Good looks and intelligence got Cunanan in doors—particularly those of older, wealthy gay men in San Francisco. A pathological liar, he spun tales about his past that eventually began to fray, as did his behavior; an affable charmer one minute, he could be calculating and menacing the next. By the time he made his way to Miami, and Versace, he was one of the FBI's most wanted fugitives and clearly unhinged.

Criss as Cunanan, after checking into a Miami hotel in 'American Crime Story' Episode 2, "Manhunt." Jeff Daly/FX

Criss, who was only 10 at the time of the murder, had never heard of his character before Murphy offered the part. "I knew that [Versace] was murdered," he says. "That was about it." According to Murphy, Criss had numerous conversations with Orth, but, says Murphy, "I don't know if you can ever prepare for this sort of role, besides learn everything you can about the real guy."

Research revealed that Cunanan was from a broken home, that there was mental illness in the family, and that his father encouraged an inflated sense of entitlement. But where many people would have sought help, says Criss, "Andrew chose the path of destruction."

Many scenes are necessarily fictional, since there are no existing interviews with Cunanan, says Criss. But what he came to understand was that Cunanan, like an actor, was always performing. "I gave lots of different takes for every scene, because Andrew was giving the world so many different versions of himself," says Criss. "I would do a scene at an 11, then do another take at four. I still don't know which ones they ended up using."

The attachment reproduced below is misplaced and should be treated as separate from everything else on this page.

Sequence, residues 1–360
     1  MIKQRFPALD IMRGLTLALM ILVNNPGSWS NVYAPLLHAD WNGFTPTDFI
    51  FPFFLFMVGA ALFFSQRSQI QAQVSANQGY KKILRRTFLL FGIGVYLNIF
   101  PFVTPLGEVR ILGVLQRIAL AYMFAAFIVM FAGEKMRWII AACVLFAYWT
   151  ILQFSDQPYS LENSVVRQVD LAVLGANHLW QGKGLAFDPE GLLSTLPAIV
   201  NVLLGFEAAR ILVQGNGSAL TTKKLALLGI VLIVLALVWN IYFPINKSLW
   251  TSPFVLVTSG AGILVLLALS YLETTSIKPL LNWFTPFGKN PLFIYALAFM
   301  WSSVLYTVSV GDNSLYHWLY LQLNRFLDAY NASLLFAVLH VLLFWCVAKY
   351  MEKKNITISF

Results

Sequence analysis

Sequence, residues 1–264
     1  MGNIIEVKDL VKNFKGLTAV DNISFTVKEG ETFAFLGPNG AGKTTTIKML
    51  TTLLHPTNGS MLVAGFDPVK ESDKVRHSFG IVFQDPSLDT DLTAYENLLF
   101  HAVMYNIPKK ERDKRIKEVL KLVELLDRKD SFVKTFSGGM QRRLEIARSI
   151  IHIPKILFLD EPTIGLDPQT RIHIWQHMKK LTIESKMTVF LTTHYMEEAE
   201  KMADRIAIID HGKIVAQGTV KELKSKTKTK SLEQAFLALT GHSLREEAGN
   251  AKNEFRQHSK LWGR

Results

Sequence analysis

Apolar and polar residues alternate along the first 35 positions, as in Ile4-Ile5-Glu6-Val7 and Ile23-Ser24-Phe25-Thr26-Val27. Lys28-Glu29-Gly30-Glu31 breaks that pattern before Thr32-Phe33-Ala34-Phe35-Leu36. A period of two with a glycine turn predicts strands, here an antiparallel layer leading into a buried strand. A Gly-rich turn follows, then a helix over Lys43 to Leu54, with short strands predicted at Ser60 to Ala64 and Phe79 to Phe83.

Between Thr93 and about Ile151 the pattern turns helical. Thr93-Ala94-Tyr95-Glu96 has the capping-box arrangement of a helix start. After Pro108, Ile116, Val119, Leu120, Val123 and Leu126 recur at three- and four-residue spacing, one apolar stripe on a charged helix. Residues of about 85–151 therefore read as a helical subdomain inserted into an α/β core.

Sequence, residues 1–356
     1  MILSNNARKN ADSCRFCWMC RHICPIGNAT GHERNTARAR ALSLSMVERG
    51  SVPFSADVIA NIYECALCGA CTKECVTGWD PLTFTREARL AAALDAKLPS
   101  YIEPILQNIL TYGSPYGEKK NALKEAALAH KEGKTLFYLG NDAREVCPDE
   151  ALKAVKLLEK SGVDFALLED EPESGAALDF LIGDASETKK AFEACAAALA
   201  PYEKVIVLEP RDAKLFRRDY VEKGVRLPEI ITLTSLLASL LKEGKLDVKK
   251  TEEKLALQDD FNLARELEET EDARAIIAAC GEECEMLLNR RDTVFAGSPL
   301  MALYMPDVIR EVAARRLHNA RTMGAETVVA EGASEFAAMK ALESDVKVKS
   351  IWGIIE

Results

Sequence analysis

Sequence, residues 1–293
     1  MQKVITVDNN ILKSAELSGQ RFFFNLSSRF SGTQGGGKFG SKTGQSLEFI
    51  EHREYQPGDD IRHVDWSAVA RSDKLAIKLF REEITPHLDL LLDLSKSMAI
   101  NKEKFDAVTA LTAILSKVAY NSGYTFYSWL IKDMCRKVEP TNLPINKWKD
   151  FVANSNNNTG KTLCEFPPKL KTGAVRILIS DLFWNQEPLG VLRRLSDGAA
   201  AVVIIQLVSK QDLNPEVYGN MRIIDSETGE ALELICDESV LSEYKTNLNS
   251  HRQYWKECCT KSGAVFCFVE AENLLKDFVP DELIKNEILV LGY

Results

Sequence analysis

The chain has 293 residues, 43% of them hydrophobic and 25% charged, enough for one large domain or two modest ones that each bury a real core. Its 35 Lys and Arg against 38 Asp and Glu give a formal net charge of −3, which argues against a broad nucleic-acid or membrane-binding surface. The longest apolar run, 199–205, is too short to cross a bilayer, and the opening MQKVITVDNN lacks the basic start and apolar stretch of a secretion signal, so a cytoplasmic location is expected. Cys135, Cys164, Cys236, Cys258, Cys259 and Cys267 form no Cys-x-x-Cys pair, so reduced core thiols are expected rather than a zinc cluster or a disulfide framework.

Criss "thought about Cunanan's victims every day"—William Reese, Jeffrey Trail, David Madson, Lee Miglin and, of course, Versace, all killed within the span of three months. "My greatest fear was that suddenly [members of Trail's family] hear there's going to be a series about Uncle Jeff's murder. How bizarre and twisted that must be," says the actor, who considered contacting the victims' families but decided that wasn't a good idea. "I realized we had to finish the work and let it speak for itself."

He encourages people who knew the victims to reach out to him once they've seen the series, "not for research or for vanity, but just to let them know that I've been thinking about them." (The Versaces have condemned the series, saying, in a statement, that "it should only be considered as a work of fiction.")